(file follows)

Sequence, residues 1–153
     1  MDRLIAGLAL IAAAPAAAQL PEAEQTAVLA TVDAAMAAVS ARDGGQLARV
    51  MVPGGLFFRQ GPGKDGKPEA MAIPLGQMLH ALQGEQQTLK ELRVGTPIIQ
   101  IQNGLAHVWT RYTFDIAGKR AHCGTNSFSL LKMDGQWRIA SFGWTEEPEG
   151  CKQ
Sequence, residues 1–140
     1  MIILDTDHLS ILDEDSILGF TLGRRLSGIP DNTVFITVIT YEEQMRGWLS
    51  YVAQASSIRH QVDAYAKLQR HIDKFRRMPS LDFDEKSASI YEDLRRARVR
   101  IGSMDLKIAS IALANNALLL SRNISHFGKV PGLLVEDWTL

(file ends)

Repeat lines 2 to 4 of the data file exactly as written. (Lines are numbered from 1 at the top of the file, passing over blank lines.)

     1  MDRLIAGLAL IAAAPAAAQL PEAEQTAVLA TVDAAMAAVS ARDGGQLARV
    51  MVPGGLFFRQ GPGKDGKPEA MAIPLGQMLH ALQGEQQTLK ELRVGTPIIQ
   101  IQNGLAHVWT RYTFDIAGKR AHCGTNSFSL LKMDGQWRIA SFGWTEEPEG